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This is an excerpt of a blog post that originally appeared at Jeffrey Cufaude, Idea Architects.
Association meeting professionals continue to tout networking as one of their meetings' primary benefits, yet the events demonstrate hardly any intentional design to increase the connections that participants seek. Here are a few woefully obvious, yet still underutilized, tactics for doing so that cost next to no time or money.
Consider organizing registration lines around something other than the alphabet. I have nothing in common with other people whose last name begins with C. If registration lines were organized by geographic region, however, while standing in line I might connect with someone form my general vicinity, someone with whom I might network in person after the event or perhaps even already know.
Include space on name badges for Twitter handles and in participant listings for other social media connections (LinkedIn, Facebook, et al.) that individuals may wish to share.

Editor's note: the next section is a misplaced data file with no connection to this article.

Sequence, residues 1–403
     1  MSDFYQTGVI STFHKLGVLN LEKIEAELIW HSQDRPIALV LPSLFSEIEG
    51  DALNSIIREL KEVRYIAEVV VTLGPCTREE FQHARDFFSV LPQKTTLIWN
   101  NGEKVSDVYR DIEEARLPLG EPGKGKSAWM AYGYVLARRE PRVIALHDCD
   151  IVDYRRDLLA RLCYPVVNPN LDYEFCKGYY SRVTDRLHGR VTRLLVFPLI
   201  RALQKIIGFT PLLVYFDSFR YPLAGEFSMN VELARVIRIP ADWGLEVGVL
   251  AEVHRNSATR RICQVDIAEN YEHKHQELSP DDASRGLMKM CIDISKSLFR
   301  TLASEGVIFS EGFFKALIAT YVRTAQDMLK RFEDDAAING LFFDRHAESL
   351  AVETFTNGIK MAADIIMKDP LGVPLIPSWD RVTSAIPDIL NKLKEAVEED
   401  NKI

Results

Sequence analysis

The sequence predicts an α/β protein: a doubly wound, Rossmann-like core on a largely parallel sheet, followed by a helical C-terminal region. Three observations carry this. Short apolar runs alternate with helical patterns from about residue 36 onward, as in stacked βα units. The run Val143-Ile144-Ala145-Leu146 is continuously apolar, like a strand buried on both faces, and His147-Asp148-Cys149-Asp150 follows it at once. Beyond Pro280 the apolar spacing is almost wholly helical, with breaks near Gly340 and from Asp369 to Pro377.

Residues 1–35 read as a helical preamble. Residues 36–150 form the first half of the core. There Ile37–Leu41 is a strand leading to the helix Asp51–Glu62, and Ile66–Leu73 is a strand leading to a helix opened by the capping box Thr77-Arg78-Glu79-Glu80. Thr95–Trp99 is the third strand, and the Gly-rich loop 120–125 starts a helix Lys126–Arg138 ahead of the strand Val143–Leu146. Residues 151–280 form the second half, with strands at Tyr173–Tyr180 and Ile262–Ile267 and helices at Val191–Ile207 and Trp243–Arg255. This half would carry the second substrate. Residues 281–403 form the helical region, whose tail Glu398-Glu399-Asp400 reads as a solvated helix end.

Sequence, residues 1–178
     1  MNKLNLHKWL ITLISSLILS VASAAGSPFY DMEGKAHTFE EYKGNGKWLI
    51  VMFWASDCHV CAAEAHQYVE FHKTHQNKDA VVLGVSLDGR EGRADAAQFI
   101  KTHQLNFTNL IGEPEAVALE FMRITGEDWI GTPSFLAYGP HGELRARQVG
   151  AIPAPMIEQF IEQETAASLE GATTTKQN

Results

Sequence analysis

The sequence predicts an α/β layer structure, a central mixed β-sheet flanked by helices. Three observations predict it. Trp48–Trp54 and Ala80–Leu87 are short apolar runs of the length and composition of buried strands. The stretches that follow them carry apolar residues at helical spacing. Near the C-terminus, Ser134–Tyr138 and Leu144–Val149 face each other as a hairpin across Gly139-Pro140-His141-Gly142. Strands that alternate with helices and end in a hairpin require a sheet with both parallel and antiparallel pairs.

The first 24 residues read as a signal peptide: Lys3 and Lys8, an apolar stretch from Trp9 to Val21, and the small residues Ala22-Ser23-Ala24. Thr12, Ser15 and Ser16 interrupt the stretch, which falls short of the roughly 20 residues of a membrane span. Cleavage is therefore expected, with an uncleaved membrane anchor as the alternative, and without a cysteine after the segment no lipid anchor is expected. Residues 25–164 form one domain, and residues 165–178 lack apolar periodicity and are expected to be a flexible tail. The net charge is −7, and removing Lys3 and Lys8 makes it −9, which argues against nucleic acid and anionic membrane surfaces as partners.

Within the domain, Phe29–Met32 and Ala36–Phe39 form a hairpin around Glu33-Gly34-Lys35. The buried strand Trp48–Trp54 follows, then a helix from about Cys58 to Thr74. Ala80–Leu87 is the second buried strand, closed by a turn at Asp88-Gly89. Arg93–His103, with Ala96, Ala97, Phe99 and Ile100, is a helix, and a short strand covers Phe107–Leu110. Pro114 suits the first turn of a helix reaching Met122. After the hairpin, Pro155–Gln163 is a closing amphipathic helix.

Allow on-site volunteering, letting individuals sign up to be a part of many small groups doing task work to help with the conference: session monitors, registration, greeting people at general sessions. We connect with others while contributing to the conference - that's a two-fer.
Turn your participant directory from an address book into a true networking tool by adding two fields on the registration form and then publishing them in the directory: (1) topics I want to learn more about, and (2) topics I could be a resource on for others.
So many events still aren't doing the basics, yet the suggestions above really are yesterday's news. In the future, we'll know a conference isn't serious about networking unless it acknowledges that a healthy percentage of participants now come with their own powerful networks already cultivated (via social media), and conference components leverage those relationships and include more time for collaboration and co-creation.
Cufaude is a longtime contributor to the association community through writing, conference design, workshop and keynote presentations, and retreat and strategy think tank facilitation. Contact him at 317-267-0047 or email@example.com.